Conducting tax due diligence on target. M&A lawyers need to analyse the target’s nature, shareholder background and corporate governance, as well as other issues, including how it has been trading and fulfilling tax payment obligations, to evaluate the level of tax risks. The lawyers also have to ascertain if it has been subjected to any administrative punishments of tax authorities. In addition, they should get informed about tax burdens and risks of the target through a review of its tax proof and documentation. Besides, M&A lawyers may also need to pay a visit to the target’s competent tax authorities and ask tax officers how the target has been fulfilling its tax obligations. These steps can be helpful for a well-informed evaluation of the target’s tax risks.

Structuring and optimizing equity M&A plan from perspective of tax plan. To address properly the target’s tax risks, M&A lawyers may opt for an optimal tax structure and transaction approach to the deal. They need to take into account the actual circumstances of the target, what the acquirer intends to achieve through the deal and any other special requirements of the latter. For example, proper prior planning may lead to special tax benefits over some issues, resulting in a substantial saving in cash outflow costs. Likewise, cost savings may be achieved for both parties in the deal through the use of an offshore structure, if appropriate, to make it an indirect equity transfer rather than a direct one that may carry higher tax burdens.

Making tax implications important for negotiations in equity M&A. Business negotiations are necessary before terms and conditions of an equity M&A can be finalized. If the acquirer is well informed about the tax profile of the target, it may include tax-related matters and relevant potential risks as issues to be discussed in the negotiations. Upon a review of the target’s tax risks, which enables calculation of the tax make-whole amount, late fee or fine that it may be ordered to pay or any other potential tax loss, the acquirer may request that these sums be deducted from the consideration for the equity transfer or be otherwise compensated, thus lowering its acquisition cost or tax loss.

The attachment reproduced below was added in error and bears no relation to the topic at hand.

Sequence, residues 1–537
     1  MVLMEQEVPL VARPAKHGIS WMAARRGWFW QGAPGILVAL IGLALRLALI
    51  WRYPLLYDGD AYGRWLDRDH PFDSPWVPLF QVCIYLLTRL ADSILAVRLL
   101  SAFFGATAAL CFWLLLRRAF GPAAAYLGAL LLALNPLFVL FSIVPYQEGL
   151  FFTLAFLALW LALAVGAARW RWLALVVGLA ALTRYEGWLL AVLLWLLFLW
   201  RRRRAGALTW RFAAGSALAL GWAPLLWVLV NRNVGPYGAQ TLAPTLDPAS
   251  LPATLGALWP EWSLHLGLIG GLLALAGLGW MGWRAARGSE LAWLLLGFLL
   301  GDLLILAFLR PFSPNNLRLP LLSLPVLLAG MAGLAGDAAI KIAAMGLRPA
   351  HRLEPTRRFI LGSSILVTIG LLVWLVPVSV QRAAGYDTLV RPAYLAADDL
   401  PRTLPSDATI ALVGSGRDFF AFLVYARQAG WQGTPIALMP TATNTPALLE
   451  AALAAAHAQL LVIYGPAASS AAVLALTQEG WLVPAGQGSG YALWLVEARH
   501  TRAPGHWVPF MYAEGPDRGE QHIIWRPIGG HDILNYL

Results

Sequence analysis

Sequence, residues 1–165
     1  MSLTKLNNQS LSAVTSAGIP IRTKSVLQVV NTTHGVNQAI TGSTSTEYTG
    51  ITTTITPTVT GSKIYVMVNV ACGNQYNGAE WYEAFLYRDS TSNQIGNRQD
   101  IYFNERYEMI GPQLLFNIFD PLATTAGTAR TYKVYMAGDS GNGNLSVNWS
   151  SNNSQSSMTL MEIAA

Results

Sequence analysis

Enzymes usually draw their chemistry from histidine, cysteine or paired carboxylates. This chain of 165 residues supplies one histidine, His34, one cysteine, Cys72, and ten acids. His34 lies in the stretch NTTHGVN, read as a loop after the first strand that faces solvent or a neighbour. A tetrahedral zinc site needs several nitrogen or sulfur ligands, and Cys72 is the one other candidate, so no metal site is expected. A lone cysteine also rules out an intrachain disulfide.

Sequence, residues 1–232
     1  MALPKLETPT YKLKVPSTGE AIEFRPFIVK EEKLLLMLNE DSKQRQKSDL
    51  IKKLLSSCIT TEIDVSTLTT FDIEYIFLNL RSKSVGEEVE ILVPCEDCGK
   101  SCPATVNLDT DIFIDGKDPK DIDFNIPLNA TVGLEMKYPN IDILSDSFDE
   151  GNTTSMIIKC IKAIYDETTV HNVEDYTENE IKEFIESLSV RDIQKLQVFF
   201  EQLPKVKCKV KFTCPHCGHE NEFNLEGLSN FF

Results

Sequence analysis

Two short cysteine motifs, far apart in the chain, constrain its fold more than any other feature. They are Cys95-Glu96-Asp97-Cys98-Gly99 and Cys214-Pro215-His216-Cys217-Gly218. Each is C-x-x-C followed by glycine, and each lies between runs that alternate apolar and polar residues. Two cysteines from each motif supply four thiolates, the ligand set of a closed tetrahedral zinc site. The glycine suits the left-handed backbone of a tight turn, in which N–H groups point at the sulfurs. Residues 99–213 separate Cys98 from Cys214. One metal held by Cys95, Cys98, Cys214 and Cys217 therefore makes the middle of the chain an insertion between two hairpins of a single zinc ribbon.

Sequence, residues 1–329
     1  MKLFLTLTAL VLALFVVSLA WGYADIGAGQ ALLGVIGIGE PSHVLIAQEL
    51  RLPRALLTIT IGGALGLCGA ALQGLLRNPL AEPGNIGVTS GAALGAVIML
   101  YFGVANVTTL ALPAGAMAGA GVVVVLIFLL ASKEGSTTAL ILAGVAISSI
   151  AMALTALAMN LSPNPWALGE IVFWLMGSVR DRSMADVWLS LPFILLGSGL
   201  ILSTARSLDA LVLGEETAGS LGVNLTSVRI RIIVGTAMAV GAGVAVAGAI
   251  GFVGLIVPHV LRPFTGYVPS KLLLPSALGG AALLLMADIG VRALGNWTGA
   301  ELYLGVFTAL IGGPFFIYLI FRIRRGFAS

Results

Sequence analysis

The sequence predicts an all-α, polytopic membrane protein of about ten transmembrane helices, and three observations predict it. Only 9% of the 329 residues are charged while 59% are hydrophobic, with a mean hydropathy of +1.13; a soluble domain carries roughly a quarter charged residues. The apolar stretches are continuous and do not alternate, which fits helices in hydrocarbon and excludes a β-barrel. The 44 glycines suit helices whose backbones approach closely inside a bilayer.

Designing terms and conditions reasonably to keep tax risks in check. The acquirer should ensure the terms and conditions of the equity M&A agreement expressly reflect the target’s identified tax risks, the pertinent tax planning and the negotiation results of these issues. For any unidentified tax risks to which the target may be exposed, the acquirer may prevent and control them with the addition of clauses that allow instalment payments and the acquirer’s retaining the deposit, or require the target to provide a guarantee or assume liability for breach of the deal. These clauses provide maximized protection for the acquirer’s business interests, enabling the acquirer to recover its losses through legal means if such unidentified risks occur.